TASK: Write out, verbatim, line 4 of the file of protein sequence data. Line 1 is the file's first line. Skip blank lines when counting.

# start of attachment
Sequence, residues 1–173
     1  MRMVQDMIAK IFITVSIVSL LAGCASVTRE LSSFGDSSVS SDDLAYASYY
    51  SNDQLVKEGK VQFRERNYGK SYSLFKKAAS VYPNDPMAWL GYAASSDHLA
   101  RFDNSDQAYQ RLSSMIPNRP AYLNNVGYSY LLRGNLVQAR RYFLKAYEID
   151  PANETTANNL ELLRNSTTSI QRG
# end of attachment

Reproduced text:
   101  RFDNSDQAYQ RLSSMIPNRP AYLNNVGYSY LLRGNLVQAR RYFLKAYEID